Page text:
Beijing is growing so rapidly that they are currently building their ninth ring road, and will begin building the next ring road before this one is fully operational. The current plans are for a new ring road every five years. And as the ring road system expands, the city limits expand with it, and the subway follows. Although the city blocks are filled with high-rise apartment buildings, there is a remarkable amount of space and sky for a city the size and age and importance of Beijing. Even in the center of the city there are broad sidewalks and green spaces surrounding most buildings, and there is a park or baseketball court or soccer field on almost every city block. These also serve as gathering places for the locals in the evenings, especially in the summer months.
The government is encouraging people to buy cars, but discouraging them from driving them. A number is chosen each weekday morning in a lottery, and if that number is the last number on your license plate, then you have to leave your car at home. That means that working people—virtually the entire population other than children and the aged—have to be prepared every morning to carpool or use public transportation at the last moment.
Gas is the equivalent of $4.50 a gallon in Beijing, but $4.50 is a lot of money to the Chinese. The latest statistics from 2011 report that Beijing has twenty subway lines used by seven million people every day, and another four million a day use its 150,000 buses. The government makes it an easy and cheap alternative to driving and it seems to be working. Most families have one car, but most of their transportation is on foot, bike, scooter, motorcycle, or public transportation. The streets of Beijing are packed with cars and motorcycles, but not remarkably so. Most of the transportation on the city streets are buses, and each one is filled and overflowing with bored, passive-looking grey or pale faces. Cellphones are ubiquitous, and many appear to be playing on-line games.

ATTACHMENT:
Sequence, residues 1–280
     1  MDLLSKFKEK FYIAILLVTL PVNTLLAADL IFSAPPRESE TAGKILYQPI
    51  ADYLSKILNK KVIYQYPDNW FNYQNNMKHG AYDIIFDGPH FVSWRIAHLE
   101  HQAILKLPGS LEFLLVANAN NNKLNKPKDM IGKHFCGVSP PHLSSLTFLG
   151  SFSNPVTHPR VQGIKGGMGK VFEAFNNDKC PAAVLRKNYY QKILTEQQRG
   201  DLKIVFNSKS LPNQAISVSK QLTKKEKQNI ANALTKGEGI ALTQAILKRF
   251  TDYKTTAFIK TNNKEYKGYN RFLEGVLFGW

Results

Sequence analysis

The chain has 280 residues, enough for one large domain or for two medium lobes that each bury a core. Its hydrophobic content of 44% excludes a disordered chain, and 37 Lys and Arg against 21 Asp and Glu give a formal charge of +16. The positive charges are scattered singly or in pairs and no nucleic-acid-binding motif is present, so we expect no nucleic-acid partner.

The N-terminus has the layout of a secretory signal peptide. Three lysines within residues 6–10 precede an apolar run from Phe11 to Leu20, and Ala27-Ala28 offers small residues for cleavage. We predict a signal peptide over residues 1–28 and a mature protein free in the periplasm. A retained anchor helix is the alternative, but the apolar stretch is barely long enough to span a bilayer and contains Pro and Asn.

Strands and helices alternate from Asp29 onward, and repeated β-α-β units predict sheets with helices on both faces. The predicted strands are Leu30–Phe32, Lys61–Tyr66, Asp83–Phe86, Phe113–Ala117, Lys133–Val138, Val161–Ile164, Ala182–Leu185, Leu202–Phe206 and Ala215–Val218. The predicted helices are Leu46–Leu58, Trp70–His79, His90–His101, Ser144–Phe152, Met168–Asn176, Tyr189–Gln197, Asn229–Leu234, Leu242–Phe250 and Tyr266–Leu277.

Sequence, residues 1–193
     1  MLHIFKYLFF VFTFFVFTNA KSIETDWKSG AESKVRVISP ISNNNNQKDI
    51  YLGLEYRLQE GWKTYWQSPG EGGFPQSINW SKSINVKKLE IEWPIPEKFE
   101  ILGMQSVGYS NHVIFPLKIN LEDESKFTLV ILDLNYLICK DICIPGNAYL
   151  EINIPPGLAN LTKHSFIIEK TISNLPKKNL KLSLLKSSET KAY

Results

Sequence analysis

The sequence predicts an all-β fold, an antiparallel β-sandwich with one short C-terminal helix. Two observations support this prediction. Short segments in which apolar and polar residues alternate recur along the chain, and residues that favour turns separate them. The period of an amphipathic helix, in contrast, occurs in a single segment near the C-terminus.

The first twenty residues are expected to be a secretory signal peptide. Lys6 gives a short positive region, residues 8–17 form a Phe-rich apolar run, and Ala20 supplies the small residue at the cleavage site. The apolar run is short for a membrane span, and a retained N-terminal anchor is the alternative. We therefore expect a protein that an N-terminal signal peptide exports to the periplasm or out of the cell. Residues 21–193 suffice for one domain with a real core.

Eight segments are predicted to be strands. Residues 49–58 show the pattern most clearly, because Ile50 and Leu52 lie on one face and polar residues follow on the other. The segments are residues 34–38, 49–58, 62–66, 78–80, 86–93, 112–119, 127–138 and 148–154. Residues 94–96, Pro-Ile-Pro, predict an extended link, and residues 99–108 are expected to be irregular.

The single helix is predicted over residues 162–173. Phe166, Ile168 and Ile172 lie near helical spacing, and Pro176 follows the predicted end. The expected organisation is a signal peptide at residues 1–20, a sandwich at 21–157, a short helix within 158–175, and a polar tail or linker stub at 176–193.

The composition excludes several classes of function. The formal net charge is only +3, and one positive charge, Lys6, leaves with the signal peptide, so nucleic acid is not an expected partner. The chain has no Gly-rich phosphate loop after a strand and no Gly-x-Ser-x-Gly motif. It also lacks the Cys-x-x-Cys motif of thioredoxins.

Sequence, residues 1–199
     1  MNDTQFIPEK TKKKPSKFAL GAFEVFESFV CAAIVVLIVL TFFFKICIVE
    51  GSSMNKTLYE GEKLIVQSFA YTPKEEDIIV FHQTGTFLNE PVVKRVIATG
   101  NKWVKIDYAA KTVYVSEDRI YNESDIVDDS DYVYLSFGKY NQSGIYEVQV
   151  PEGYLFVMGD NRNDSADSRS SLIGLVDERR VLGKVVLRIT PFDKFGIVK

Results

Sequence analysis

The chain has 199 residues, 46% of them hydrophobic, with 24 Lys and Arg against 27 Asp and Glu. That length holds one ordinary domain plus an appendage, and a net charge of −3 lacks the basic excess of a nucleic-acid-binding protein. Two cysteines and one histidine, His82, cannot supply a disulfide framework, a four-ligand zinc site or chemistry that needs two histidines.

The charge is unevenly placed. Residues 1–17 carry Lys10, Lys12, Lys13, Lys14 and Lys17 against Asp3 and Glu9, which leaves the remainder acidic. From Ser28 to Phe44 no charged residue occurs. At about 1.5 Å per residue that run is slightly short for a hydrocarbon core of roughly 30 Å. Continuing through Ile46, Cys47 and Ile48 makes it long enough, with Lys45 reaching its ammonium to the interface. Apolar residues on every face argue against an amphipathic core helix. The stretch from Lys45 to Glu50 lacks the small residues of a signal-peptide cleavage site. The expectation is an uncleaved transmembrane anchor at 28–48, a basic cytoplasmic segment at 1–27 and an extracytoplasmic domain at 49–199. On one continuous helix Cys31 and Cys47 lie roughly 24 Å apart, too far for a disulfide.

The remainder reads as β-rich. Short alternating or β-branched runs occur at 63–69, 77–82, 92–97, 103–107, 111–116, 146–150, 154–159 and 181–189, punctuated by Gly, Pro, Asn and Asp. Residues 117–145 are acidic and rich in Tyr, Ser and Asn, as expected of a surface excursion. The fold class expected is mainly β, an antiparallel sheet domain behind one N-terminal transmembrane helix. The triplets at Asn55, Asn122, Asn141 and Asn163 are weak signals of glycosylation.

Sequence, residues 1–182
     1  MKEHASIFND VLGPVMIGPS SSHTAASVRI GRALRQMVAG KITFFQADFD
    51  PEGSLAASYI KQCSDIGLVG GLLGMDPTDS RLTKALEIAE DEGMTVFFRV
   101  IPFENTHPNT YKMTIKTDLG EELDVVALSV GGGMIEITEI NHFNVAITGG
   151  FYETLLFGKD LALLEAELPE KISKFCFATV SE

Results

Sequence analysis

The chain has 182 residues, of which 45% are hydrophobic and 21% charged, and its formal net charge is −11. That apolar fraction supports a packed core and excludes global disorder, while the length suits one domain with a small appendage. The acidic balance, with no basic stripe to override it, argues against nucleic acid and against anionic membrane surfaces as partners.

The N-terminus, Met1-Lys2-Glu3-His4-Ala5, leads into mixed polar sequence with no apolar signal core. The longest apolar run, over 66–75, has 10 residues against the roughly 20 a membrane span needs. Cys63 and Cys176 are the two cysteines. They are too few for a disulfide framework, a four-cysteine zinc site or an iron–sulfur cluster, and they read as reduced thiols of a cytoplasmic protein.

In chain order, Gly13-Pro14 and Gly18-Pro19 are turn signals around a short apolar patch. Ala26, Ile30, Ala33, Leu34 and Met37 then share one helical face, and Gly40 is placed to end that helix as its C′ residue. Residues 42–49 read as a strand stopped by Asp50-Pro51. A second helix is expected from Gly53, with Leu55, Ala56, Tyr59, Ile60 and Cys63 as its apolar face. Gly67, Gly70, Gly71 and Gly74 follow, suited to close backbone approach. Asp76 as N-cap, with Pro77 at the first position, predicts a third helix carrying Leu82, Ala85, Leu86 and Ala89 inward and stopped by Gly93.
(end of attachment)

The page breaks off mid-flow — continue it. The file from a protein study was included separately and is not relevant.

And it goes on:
On the weekends, every car can drive, and they do. There are currently five million cars in China, most of them in the cities. There are twenty million people living in high-rise apartment buildings in Beijing.
Education is seen as the future for China. The peasant population is still largely uneducated and there are plans to bring more children to the city, where it will be easier to educate them. Currently, there are six primary grades and three middle school grades that are paid for by the government, but high school is the financial responsibility of the parents, and most rural children return home to help in the fields at the end of the ninth grade.
Modern Marriage Customs in China
Eighty-five percent of the marriages in China are arranged by the couple themselves, and the rest are arranged by the parents without any participation by the children, often when the children are still quite young. These arranged marriages are common only in the most remote provinces, especially in nomadic tribes and minority cultures.
When a Chinese couple is interested in marriage, the man asks the woman’s parents for their permission. If permission is given, the next stop is the fortune teller, who is more of a Chinese astrologer. First the fortune teller reads the zodiacal signs for the couple. If they’re compatible, then he determines the most auspicious dates for their wedding.
Occasionally the fortune teller will caution against a marriage, but this is extremely rare. If the couple is warned that the stars are in opposition, they can always go to a second fortune teller, which usually results in a finding that the stars are within acceptable levels of risk. But at every step the couple is free to do what they like. Some of the most modern Chinese are not going to a fortune teller at all, although for most of the country this seems like incredible folly.
If either of the parents object to the marriage—which is rare—the couple will most likely elope. Later, when the first grandchild appears, the families will usually reconcile.
China still has a one-birth policy—not a one-child policy, Shu reminds us, because of course women sometimes have multiple births from one pregnancy and no one will be charged for that. If you want to have more than one birth, you have to pay a fee to register the second child with the government. The tax is intended to cover all of the additional costs of a child to the government—including schooling and medical care and social benefits. But anything is possible in China, she says, if you have the money. There is a saying in China that if you want the honey you have to bring the money. These days it is a status symbol in Beijing to have three, four, even five children.